Today was Canada’s first national day for Truth and Reconciliation, and it was a heavy day. It wasn’t a day to just relax and take a holiday, but rather a day to reflect on our country’s dark history, to hear from survivors of Residential Institutions, and to consider what reconciliation means.
We talked to Astrid today about the origin of the orange shirt and a little bit about why residential schools were so bad. I don’t want to scare her into thinking schools are scary places but I think it’s important she understand that Indigenous kids were taken away from their parents and bad things were done. As she gets older she can learn more about the racist attitudes that allowed our governments and religious institutions to justify the horrible things it did.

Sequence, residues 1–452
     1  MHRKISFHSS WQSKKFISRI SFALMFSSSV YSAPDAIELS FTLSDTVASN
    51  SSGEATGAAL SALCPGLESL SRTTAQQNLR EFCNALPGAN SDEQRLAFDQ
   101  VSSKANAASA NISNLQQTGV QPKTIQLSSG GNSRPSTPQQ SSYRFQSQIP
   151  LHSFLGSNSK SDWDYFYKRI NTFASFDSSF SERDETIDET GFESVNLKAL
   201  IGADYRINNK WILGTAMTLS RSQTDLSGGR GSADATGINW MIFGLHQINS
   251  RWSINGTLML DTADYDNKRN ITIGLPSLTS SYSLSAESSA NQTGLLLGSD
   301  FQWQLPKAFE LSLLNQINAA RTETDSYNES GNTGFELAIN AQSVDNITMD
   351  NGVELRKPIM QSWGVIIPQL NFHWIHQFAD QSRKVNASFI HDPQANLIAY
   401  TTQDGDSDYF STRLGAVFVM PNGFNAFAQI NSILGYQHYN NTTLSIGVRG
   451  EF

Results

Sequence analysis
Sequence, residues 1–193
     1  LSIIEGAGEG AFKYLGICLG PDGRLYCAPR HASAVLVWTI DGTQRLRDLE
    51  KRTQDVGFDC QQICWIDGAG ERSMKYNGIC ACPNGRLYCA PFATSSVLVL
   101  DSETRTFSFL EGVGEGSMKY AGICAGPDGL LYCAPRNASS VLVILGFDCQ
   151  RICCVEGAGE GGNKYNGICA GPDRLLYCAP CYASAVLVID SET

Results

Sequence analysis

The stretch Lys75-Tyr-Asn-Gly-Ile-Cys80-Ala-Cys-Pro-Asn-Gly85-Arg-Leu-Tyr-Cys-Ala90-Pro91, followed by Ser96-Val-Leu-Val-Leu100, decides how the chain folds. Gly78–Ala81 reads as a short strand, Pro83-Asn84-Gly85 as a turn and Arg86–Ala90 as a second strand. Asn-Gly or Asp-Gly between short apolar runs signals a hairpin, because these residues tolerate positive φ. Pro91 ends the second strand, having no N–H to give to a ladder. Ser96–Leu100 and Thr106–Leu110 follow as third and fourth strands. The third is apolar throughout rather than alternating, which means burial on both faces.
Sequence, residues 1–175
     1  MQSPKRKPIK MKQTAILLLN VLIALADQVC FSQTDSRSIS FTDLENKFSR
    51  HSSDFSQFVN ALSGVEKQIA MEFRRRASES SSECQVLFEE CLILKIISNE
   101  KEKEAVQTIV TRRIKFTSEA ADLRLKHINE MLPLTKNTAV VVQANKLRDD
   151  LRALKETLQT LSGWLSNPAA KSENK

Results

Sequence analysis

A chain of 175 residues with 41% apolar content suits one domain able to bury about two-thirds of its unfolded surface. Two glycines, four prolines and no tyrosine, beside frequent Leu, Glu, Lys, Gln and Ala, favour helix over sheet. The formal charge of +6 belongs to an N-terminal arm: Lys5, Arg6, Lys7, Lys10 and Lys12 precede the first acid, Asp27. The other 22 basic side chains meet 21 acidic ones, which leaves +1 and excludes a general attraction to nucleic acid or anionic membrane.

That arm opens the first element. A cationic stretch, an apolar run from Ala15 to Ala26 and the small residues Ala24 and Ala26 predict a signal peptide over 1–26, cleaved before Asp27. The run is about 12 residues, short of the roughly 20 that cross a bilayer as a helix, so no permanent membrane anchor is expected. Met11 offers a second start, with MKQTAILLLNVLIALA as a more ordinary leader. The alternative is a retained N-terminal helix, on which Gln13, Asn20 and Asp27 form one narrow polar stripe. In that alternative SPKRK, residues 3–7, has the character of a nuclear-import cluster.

I spent the morning hearing from Chief Ray Gerow from the Wet’suwet’en First Nation & Dr. Judith Sayers of the Nuu-Cha-Nulth Tribal Council. It was an honest conversation that covered a lot of topics, but the parts that stuck with me were about the intergenerational trauma that the residential schooling system created. I won’t try to retell their stories, but you can hear similar stories if you look online.
In the evening, we did drumming in the courtyard with our own local elder Aline, who we are blessed to have in our building. She brings so much wisdom and compassion to our community.
After spending a day reflecting on truth and reconciliation, my mind naturally goes to what can we do to fix things. Some of the reconciliation steps that I think are important are:
- Supporting the 94 calls to action from the TRC
- Giving First Nations’ land back and self determination
- Renaming schools and streets named after racist settlers
I donated my salary for today to the Indigenous Peoples Solidarity Fund. It’s a small gesture, but hopefully it does some good.